The highlight of the day for many was meeting with Ban Ki Moon, the UN Secretary General, and discussing the millenium development goals.  The Secretary General was amazingly gracious and generous with his time, even taking a brief pause to read on-the-spot a hand-written letter (in Korean!) Gerardo (the Mexican Ambassador) delivered to him.

During a Korean-themed lunch with Undersecretary Akasaka we discussed the promise and challenges of new media and how the UN works to stay relevant and to inform the citizenry of its missions and workings.

After lunch we visited UN Radio and conducted interviews in our respective native languages — I did my best to be brief but informative when it comes to measles and the fight against vaccine-preventable diseases.

We also had an MDG briefing earlier in the day, a briefing that normally would have been conducted by Jeff Sachs (!!!), however he was in Greece at the moment, so we met with Deputy Director of Policy, Mr. Njie.  I found Mr. Njie to be eloquent and in perfect alignment with my belief (or perhaps the other way around, hah) that despite some lack of progress on each Millenium Development Goal, that is no reason to throw in the towel.  There is no better time to strive to end poverty and alleviate child deaths.

There were some brief (and I do mean brief) breaks for photos and viewing some of the inner workings of the UN (for instance, we popped into the Security Council!), with an hour or so break to head back to our hotel and get ready for the night’s concert.

The concert was to mark the 65th anniversary of the creation of the UN (24 October, otherwise known as World UN Day).  This year the concert was a symphony delivered by the KBS (Korean Broadcasting System) Orchestra.  I am not much of an orchestral music fan, but I found them to be amazingly competent, and the music was a layperson-friendly arrangement of well known classical pieces (William Tell Overture, Ode to Joy), traditional Korean folk music, and one contemporary piece (with the composer in attendance, sitting two rows behind me).  We sat with the Secretary General (two rows behind him), and the entire concert took place in the UN General Assembly hall, which was perhaps the most surreal event of a day that was replete with surreal events.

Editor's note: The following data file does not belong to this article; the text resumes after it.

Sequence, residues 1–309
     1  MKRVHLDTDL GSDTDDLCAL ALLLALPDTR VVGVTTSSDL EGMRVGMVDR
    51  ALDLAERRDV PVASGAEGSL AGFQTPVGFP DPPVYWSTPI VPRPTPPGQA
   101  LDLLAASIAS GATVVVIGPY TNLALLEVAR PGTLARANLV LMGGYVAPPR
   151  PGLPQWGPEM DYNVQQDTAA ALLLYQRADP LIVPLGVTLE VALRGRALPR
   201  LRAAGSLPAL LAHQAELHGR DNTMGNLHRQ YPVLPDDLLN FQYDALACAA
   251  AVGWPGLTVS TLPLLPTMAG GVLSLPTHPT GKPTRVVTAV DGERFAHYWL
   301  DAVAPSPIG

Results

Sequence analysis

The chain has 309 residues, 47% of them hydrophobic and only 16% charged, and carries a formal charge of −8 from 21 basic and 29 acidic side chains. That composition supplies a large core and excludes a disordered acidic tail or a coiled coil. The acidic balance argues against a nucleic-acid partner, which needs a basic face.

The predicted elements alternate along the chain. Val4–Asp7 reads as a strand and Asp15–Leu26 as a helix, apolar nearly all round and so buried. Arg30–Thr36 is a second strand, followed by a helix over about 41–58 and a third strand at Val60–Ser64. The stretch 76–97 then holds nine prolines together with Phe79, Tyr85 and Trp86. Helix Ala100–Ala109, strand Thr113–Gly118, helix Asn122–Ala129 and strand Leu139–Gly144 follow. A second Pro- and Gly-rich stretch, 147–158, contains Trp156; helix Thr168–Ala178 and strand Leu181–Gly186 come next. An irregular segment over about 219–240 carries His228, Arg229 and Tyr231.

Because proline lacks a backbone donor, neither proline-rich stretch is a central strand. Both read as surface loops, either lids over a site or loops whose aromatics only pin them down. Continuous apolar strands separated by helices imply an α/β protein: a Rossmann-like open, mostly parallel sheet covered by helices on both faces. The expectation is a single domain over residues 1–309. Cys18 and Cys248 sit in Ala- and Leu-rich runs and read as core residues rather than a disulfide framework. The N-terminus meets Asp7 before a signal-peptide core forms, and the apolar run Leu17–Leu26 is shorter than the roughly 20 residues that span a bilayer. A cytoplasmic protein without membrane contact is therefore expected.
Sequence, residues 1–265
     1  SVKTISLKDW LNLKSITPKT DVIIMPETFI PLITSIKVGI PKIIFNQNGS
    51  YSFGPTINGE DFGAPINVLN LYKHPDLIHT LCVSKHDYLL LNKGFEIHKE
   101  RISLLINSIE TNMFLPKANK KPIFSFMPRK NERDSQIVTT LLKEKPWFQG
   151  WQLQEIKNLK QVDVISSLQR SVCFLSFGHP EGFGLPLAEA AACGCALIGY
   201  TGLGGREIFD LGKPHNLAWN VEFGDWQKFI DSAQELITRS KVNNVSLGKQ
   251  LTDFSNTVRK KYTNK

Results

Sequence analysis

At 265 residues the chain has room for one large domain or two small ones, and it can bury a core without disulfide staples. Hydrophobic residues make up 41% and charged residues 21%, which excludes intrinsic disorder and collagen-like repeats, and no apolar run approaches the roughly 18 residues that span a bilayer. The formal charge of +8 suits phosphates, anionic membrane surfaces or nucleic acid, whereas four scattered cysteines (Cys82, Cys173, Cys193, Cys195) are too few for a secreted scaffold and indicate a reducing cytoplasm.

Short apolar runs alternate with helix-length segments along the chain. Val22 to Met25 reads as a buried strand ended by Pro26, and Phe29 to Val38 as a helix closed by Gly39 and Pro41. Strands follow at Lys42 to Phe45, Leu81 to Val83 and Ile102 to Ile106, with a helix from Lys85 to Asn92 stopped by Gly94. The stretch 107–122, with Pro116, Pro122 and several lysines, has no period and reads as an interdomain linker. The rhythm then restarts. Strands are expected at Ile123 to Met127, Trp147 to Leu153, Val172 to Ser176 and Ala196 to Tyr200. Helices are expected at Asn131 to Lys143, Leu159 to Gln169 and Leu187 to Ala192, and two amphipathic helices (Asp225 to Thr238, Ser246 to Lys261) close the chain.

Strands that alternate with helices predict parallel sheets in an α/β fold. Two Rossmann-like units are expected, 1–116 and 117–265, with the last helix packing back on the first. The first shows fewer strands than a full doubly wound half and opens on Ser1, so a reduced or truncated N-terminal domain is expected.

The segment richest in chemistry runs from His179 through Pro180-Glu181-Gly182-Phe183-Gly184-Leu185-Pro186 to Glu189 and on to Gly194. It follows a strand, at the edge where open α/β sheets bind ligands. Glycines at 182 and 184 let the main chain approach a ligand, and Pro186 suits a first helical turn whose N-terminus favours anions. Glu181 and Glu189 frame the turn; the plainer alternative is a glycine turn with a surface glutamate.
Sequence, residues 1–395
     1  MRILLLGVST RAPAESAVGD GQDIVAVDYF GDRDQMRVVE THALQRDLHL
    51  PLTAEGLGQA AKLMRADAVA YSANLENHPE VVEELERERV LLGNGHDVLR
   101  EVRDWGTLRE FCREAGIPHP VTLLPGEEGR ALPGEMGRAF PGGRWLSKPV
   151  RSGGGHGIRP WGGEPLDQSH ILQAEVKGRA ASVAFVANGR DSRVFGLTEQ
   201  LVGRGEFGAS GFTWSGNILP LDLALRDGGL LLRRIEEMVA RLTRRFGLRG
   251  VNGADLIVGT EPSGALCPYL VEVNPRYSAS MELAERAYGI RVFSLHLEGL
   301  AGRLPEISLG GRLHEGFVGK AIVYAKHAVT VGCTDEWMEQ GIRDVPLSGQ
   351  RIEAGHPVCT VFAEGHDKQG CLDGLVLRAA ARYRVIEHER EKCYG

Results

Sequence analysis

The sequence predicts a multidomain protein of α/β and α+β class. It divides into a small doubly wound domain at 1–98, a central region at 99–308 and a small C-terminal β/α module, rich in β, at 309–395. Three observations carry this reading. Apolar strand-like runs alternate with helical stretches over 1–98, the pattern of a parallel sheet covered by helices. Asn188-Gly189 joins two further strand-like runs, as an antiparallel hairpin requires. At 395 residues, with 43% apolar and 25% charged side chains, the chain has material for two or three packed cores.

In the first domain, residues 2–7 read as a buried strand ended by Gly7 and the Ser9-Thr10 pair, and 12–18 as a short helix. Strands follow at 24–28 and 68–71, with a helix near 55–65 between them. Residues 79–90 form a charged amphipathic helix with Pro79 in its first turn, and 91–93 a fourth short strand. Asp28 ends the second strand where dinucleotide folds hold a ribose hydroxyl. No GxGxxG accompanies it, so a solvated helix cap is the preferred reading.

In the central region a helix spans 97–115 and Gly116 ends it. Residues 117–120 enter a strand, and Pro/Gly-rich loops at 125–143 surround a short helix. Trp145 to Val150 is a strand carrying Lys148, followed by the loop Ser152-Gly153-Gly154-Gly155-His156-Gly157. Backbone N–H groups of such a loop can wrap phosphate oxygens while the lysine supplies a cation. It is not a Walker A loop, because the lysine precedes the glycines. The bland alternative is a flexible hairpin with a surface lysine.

Throughout the day, everywhere we walked, as we moved from one building to the next, we passed iconic sculptures and artworks that I have seen in various places (Time, etc) my whole life.  The Swords Into Plowshares statue, the Knotted Gun, and so on.  I think it would be one thing to visit the UN as a tourist — I’d certainly seek out these statues, but to be there as a guest for other matters, and to simply be amongst these icons of culture was, well, quite surreal.

Overall the entire day was amazing, and I’d just like to again extend my most sincere thanks to the United Nations and especially to UNDPI for giving us all not just a great day, but a significant opporunity to continue to educate and effect real change.

We’re back in Ghana now, and the last few (whirldwind) days in New York are fading into long-term memory.  What isn’t fading, however, is the sense of encouragement that I feel, that now is a critical time in the fight against vaccine-preventable diseases and that we (those who care to win this fight) have the allies necessary to make the difference.  I’m just a random guy from Seattle, and that I can find myself sitting with the UN Secretary General as we talk about the importance of vaccination is a testament to how many people — people on every level from elementary school student to world leader — care about ending these senseless diseases.

One Response to “Back to Ghana”

  1. […] to come to New York along with the five other newly minted Citizen Ambassadors.  His blog has the full write-up of his accounting, but we just want to extend another heartfelt thanks to the UN and everyone at […]